Over the last few days, Wexford GAA authorities have received some criticism, particularly on social media relating to the possible dates for the Wexford Club Championships. Fuel was added to this fire when the CPA published an anonymous letter claiming to be from a club player in Co.Wexford.
The letter contained a variety of criticisms, but the main anger appeared to be directed at the schedule of the championships. There seem to be two schools of thought on the issue. Some people, like me, are pleased there will be competitive games of some description in a year which looked like a write off only a few weeks ago. On the other hand there are people who believe that all of the time made available for club matches, should be given to club matches.
It is important to remember that the exact timetable has yet to be announced, while optimists are hoping the championships may be able to start earlier than is currently planned. This is dependent on a combination of government policies and GAA regulations. It is also possible that an additional round (quarter finals), may be added to the structure. Perhaps judgement on these issues would be best reserved until the actual dates are decided. It appears as though some critics have jumped to premature conclusions. Hopefully if they ever have to appear on a jury, they won’t be as quick to condemn the accused before the evidence is presented.
We currently have a plan for re-opening grounds and pitches, a plan to play club championships, a plan to play club leagues and a plan to play inter-county championships. All of these things looked very unlikely two months ago, and inevitably compromises had to be made in order to cater for all of these aspects. On April 15th, there was an announcement of 1,068 new COVID-19 cases, and thirty-eight more deaths, while yesterday, two months on, the same announcement reported just eighteen new cases, and 0 deaths. How quickly things have changed.
While the club v county debate has raged on, the most sensible and responsible decision of removing relegation from the Championships for 2020 has received little attention.
The County Board last week made the decision to remove the relegation element of the 2020 club championships. The original plan was to retain the relegation matches, but after careful consideration and input from concerned parties, the sensible decision was made to remove relegation for this year. Some other counties have kept the relegation element to their championships, but the arguments against relegation are very persuasive:
– An outbreak of COVID-19 may occur within a particular club during the championship, or amongst the close family of a player. This could mean a number of players from a particular club may have to isolate, and not be available for championship matches.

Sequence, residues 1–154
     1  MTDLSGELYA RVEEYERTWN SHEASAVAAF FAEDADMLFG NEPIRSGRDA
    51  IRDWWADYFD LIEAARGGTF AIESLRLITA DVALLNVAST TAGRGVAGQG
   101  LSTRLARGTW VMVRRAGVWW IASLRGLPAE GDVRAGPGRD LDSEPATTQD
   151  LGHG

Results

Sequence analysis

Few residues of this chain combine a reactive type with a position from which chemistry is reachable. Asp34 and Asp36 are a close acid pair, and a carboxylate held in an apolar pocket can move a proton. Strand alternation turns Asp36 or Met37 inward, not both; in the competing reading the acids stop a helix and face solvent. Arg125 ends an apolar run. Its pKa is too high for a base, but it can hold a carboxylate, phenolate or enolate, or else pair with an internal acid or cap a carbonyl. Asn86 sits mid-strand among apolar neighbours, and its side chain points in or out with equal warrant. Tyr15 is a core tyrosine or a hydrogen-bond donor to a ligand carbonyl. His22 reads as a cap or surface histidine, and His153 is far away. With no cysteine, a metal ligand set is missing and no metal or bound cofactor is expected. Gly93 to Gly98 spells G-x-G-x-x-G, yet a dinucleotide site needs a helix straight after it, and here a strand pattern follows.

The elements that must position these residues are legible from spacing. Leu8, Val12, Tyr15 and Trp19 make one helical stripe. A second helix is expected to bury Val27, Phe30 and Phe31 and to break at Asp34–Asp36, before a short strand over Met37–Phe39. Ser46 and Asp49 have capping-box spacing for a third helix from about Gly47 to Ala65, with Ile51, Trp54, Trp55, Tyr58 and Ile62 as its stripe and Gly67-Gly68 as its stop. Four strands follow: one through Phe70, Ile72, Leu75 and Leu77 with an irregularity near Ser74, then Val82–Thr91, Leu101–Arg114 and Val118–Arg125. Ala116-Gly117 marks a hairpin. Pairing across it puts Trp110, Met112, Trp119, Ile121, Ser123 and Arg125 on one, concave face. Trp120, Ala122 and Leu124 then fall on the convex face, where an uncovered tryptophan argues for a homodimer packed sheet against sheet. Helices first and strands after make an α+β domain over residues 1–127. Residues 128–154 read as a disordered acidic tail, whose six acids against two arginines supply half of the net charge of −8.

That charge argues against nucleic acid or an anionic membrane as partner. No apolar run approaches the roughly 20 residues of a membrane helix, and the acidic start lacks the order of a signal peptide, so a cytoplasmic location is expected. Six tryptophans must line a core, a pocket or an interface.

– Players will be training together as normal from July 20th meaning that if one player has come into contact with a known case through their work or daily life, then a whole team or a large number of players may have to isolate for 14 days.
– There is a possibility that a club may be able to start the championship but unable to finish it.
– The unavailability of some players due to they type of frontline work they engage in, and the potential infection risks associated with it.
Many players are in a conundrum as to whether to return to play at all, for a variety of reasons. Clubs will have players living with elderly, unhealthy or frail relations, players living with others with underlying health conditions, players who have underlying health conditions themselves and players who work in environments where they are susceptible to picking up the virus. Coaches and selectors may also find themselves in a similar situation. Often in cases like this one worry is about letting the team down. The removal of relegation should help ease some of this worry and help ensure that players and officials make the best decision for the situation they find themselves in. It also removes the negative consequences or punishment which a club may face in the above situations.
There will of course still be promotion. This provides an incentive to clubs to do well. The knock-on affect of this is there will be thirteen teams in senior in 2021, with twelve in all other grades. In order to reverse this, it may be necessary to relegate two teams from each grade in 2021. However, it is feared that the 2021 championship season may also be shorter than normal and might need to be designed differently than the usual two groups of six again.
It is likely the draw for the 2020 championships will take place before the end of next week. In senior, last years semi-finalists will be seeded and placed in separate groups. In all other grades, the three remaining semi-finalists, plus the relegated team from the grade above will be the seeded teams. One thing is for certain, teams will have to hit the ground running. There will be no margin for error, as just one poor performance could be season ending. Whatever happens, the 2020 championship will certainly be a memorable one. We all look forward now to getting back into the pitch at the end of June and getting a buzz going again within our towns and villages.